Analysis: France have Best Team, No Driver

While good news for French motor racing, Renault's dream season does not change the fact that the country of four-times champion Alain Prost no longer has a driver in Formula One

Analysis: France have Best Team, No Driver

Spaniard Fernando Alonso, who clinched the drivers' title last month, celebrated again in China on Sunday after a victory that handed the French manufacturer their first constructors' crown.

The only French driver involved in the showcase series this year was Franck Montagny, a test driver for Renault, who has now left them to search for a full-time drive elsewhere.

When the season started in March in Melbourne, there was no French driver on the grid for the first time in 40 years.

The country has a rich history in Formula One with 67 French drivers having taken part since 1950. French drivers have started a total 681 races, winning 79.

The most well known was Prost, who won four world titles, the last in 1993 in a Renault-powered Williams, before trying his luck, with frustrating results, as the boss of a French team bearing his name.

Jean Alesi and Olivier Panis carried the French flag the best they could after Prost retired from driving but their racing days are over and nobody has stepped in.

Need Money

Drivers need money to join Formula One, which is paid either by constructors or sponsors and financial partners.

Up until recently, drivers wanting to break into Formula One could target several of the smaller teams if they managed to raise enough funds but most of these have been bought over.

The only home left for those drivers is Jordan, to be renamed Midland.

"There are talented drivers in France but the problem is money", said 25-year-old Frenchman Tristan Gommendy, who was involved this year in the World Series by Renault and launched a public subscription on his website in a bid to raise the estimated 3 million euro ($3.62 million) he needs to make it to Formula One.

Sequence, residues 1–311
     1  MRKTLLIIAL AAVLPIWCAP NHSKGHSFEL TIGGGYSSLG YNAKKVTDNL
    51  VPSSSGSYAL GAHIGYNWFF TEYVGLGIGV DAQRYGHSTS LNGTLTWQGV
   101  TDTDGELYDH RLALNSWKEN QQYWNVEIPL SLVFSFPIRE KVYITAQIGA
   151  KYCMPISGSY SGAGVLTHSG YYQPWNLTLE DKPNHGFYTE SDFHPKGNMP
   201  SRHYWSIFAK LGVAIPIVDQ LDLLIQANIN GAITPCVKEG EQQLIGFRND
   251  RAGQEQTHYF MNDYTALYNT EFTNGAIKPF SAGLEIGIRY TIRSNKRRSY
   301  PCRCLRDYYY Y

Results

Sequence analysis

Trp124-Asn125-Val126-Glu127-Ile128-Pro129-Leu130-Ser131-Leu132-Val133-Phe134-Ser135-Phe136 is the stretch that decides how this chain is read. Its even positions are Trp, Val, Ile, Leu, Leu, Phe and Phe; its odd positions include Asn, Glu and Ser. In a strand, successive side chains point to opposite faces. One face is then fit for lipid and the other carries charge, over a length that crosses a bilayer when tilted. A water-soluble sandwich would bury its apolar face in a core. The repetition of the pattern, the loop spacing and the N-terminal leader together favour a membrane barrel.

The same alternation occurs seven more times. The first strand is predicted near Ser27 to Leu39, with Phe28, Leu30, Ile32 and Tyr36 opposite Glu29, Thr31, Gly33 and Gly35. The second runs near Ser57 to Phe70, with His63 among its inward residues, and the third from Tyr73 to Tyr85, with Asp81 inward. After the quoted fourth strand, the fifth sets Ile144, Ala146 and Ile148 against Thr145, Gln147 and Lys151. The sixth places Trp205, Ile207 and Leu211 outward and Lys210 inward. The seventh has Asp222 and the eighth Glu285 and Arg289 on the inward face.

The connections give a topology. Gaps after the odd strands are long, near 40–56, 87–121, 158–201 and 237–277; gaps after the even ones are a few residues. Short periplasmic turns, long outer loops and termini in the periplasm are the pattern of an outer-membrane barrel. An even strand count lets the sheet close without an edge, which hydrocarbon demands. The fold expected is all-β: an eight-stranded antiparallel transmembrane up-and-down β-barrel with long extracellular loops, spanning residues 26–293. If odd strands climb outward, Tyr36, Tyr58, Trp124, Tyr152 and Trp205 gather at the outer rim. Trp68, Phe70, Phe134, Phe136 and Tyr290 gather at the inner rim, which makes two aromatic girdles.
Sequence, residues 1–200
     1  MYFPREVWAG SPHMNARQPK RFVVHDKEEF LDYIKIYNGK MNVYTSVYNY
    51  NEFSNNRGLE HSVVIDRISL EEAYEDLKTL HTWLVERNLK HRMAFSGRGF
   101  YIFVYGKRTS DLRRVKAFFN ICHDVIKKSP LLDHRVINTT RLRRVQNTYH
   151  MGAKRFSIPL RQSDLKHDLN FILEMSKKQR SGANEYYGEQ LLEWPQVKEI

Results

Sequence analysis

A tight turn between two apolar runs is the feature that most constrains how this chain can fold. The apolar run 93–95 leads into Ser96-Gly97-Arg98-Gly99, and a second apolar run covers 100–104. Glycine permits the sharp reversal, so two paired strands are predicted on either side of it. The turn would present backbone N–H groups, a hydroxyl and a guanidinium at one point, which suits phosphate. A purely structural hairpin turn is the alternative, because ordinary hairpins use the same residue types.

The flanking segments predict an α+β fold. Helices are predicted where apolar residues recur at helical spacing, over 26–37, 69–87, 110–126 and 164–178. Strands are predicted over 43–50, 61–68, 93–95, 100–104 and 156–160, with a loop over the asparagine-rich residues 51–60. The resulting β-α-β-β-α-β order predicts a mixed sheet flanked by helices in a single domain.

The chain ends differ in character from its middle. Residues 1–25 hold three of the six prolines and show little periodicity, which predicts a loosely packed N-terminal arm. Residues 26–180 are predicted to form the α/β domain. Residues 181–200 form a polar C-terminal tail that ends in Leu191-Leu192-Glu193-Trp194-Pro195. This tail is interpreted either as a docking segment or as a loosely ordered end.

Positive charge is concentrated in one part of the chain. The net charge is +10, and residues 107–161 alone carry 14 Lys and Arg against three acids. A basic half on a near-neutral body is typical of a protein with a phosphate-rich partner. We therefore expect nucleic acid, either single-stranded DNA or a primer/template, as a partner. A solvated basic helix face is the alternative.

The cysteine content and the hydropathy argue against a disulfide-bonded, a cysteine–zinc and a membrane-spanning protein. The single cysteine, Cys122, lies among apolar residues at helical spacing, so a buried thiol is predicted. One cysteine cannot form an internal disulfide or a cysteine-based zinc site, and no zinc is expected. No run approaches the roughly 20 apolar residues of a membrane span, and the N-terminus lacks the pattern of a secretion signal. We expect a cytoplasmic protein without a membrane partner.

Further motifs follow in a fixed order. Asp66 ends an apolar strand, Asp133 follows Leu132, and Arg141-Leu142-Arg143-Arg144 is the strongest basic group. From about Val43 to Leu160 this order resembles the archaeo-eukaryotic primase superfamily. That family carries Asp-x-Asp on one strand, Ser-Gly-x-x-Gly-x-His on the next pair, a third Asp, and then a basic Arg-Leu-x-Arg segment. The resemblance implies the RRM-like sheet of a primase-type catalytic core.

"If you don't have any financial backing, you can't join a top team, no matter how good you are," he added.

Sebastien Bourdais is another Frenchman unable to get a drive in Formula One, despite great results in the United States in the ChampCar series.

"For years sponsors and financial partners have been showing no interest in French drivers", said Gommendy's agent, Philippe Dupuy.

"The reasons for that are not quite clear but the result is that there is no Frenchman in Formula One," he added.

French Law

One of the reasons for the French drivers' struggle is the Loi Evin, a French law banning sponsorship from the makers of cigarettes and alcohol, traditionally among the strongest backers of the sport.

Also, the France-based junior formulae, which for years enabled gifted young drivers to make it through to Formula One, have lost much of their relevance.

The dream scenario for the likes of Montagny, Bourdais and Gommendy would be for Renault to decide they want a French driver.

That is unlikely to happen.

"What we want first of all is a fast driver capable of winning the title," the president of Renault's F1 team, Patrick Faure, said at this year's French Grand Prix.

"Having a French driver would be a bonus but just being French is not good enough to get in the team."

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